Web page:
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We have several WCF services - some with SOAP endpoints and others that with REST endpoints. There are also some services that have both SOAP and REST endpoint (diff. customer specs/demands). So far when it comes to testing, we've written custom test clients from ground up purely for testing the actual service+endpoints. However, I'm not sure if that's the best approach because we also have to maintain the test applications as a separate 'product'.

Is there any recommended approach to formally test these endpoints and services? Hopefully one framework/pattern that can cover both SOAP as well as REST sides.

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I can't think how else you would test the services, except to call them the way the clients will call them. –  John Saunders Mar 2 '12 at 3:55

3 Answers 3

SoapUI can test both SOAP and REST web services. Check out its other features.

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I'm using WSHttpBinding() which is SOAP 1.2 (kicks in WS-Security). The WCF Test Client (and our custom .NET test clients) perform the SOAP security handshake (4 messages) before the actual message (5th one). SoapUI seems to skip security handshaking and tries the message in cleartext. It fails with The message could not be processed. This is most likely because the action '' is incorrect or because the message contains an invalid or expired security context token or .... How do I setup SoapUI to use security? –  DeepSpace101 Mar 3 '12 at 0:43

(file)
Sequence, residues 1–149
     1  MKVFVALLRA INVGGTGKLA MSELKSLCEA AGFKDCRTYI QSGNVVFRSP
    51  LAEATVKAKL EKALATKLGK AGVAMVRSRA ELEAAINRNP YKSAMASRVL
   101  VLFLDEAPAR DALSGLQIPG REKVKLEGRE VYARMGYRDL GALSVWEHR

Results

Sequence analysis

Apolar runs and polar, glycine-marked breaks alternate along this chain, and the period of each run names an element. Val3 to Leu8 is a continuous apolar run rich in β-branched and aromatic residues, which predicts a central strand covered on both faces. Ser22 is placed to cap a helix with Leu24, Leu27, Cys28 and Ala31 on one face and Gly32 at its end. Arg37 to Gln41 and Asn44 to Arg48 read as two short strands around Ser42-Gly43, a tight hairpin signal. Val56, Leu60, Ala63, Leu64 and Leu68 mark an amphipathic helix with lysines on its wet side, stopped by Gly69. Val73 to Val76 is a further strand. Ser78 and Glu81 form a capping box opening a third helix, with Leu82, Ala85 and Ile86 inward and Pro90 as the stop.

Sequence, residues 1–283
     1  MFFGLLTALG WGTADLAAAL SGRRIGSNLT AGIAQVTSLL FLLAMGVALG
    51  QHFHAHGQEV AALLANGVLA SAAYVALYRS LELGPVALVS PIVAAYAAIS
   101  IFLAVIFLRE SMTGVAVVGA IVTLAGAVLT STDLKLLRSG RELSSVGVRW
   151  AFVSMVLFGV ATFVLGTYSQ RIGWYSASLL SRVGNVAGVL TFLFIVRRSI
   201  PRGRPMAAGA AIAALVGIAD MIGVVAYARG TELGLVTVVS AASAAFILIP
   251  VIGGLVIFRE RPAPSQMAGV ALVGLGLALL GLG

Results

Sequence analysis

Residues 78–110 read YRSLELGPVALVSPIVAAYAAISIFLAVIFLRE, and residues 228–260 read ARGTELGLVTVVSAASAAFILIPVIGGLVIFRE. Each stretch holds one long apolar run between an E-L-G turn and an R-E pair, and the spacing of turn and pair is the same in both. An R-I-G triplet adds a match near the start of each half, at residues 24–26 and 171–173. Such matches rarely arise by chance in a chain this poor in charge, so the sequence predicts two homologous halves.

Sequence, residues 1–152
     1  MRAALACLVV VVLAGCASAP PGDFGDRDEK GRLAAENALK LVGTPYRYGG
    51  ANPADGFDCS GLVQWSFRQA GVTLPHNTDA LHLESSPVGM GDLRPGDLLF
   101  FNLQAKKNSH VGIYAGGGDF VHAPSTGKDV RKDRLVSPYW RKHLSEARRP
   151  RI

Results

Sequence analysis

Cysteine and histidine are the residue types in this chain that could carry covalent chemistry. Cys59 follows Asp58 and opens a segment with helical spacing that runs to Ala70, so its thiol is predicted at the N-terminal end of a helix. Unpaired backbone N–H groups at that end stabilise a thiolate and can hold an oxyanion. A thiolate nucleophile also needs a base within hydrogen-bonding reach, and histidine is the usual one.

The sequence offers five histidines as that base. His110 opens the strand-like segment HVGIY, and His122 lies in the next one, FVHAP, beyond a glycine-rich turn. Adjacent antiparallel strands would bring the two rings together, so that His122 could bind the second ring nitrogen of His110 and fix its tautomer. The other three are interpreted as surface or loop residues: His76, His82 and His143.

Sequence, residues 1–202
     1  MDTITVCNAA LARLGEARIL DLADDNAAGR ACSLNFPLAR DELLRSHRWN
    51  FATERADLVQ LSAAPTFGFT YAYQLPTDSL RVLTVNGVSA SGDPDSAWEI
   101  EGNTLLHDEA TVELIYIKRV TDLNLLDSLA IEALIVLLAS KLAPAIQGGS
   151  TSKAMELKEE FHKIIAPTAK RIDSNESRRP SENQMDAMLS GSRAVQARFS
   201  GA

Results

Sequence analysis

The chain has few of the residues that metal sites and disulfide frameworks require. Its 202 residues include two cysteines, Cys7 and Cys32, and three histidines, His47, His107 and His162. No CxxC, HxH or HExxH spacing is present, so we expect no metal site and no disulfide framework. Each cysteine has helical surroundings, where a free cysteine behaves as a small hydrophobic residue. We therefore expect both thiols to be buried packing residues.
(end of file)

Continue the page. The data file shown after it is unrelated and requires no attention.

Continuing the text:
Take a look at the docs: –  marklai Mar 5 '12 at 1:53
I wish SoapUI was more idiot proof. Forget Soap1.2 WS-Security (windows auth), I can't even set it up correctly for my no-security REST (POST) API! I think I might stick with Fiddler scripts and our custom in-house test client. It sucks that I can develop a WCF REST(json/pox) + SOAP service but can't even setup the test tool's myriad options to work with it :( ... my fault (?) –  DeepSpace101 Mar 5 '12 at 19:45
I just used SoapUI to test and build against a SOAP endpoint - it was fantastic. I didn't use any security, but the fact that SoapUi auto-builds a framework to access and all the SOAP methods so that you can see what's happening realtime and adjust things as neccessary. It sped up my development considerably. It even will auto-build a complete testing set that you can use with the load test tool, AND will even create a complete mock suite of the endpoint too! All from sniffing a little wsdl. Superfantastic for my needs! –  Lanceomagnifico May 17 '12 at 5:07

This answer is specific to testing RESTful web services. We use the following tools:

RestClient is a Java application to test RESTful webservices.

curl - Comes in the Cygwin distribution for windows. You can find linux installables for your flavor of linux here. Sample uses of curl to make REST calls:

curl -v -H 'Content-Type:application/json' -H 'X-FlickrAPI-Version:1.0' -X DELETE
curl -v -H 'Content-Type:application/json' -H 'X- FlickrAPI -Version:1.0' -X POST -d '{"name": "hawaii 2011", "tags": "vacation, hawaii, ", "creation_date": "2012-02-22T13:42Z"}'

Chrome Plugin - Advance REST Client

You can install this plugin through the Chrome Web Store. You can save past requests and the plugin also maintains a history of previous calls you had made.


Fiddler2 snoops your network traffic. It also provides a way to "reissue and edit" past requests. Here, you can edit your past REST requests and execute them repeatedly.

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You can use the headers section to provide security token. Our services are secured and I use SOAPUI to organize tests

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